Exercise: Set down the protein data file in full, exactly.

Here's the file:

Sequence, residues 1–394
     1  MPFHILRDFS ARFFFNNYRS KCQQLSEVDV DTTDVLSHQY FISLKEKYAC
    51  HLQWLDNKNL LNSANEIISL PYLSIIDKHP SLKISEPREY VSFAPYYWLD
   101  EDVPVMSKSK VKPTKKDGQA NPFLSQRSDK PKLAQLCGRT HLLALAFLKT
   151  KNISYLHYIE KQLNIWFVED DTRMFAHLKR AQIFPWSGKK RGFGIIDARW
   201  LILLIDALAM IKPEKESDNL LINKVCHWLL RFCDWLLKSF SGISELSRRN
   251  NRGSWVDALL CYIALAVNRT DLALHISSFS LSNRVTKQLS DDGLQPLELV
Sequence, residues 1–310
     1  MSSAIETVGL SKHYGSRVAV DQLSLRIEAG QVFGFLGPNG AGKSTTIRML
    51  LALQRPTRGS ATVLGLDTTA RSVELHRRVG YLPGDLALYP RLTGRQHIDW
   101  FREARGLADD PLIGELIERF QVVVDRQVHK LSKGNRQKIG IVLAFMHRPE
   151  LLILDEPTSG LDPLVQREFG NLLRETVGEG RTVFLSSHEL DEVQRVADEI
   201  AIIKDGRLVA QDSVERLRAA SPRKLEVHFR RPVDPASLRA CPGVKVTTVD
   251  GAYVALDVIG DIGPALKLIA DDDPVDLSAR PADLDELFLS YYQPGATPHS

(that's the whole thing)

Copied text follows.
Sequence, residues 1–394
     1  MPFHILRDFS ARFFFNNYRS KCQQLSEVDV DTTDVLSHQY FISLKEKYAC
    51  HLQWLDNKNL LNSANEIISL PYLSIIDKHP SLKISEPREY VSFAPYYWLD
   101  EDVPVMSKSK VKPTKKDGQA NPFLSQRSDK PKLAQLCGRT HLLALAFLKT
   151  KNISYLHYIE KQLNIWFVED DTRMFAHLKR AQIFPWSGKK RGFGIIDARW
   201  LILLIDALAM IKPEKESDNL LINKVCHWLL RFCDWLLKSF SGISELSRRN
   251  NRGSWVDALL CYIALAVNRT DLALHISSFS LSNRVTKQLS DDGLQPLELV
Sequence, residues 1–310
     1  MSSAIETVGL SKHYGSRVAV DQLSLRIEAG QVFGFLGPNG AGKSTTIRML
    51  LALQRPTRGS ATVLGLDTTA RSVELHRRVG YLPGDLALYP RLTGRQHIDW
   101  FREARGLADD PLIGELIERF QVVVDRQVHK LSKGNRQKIG IVLAFMHRPE
   151  LLILDEPTSG LDPLVQREFG NLLRETVGEG RTVFLSSHEL DEVQRVADEI
   201  AIIKDGRLVA QDSVERLRAA SPRKLEVHFR RPVDPASLRA CPGVKVTTVD
   251  GAYVALDVIG DIGPALKLIA DDDPVDLSAR PADLDELFLS YYQPGATPHS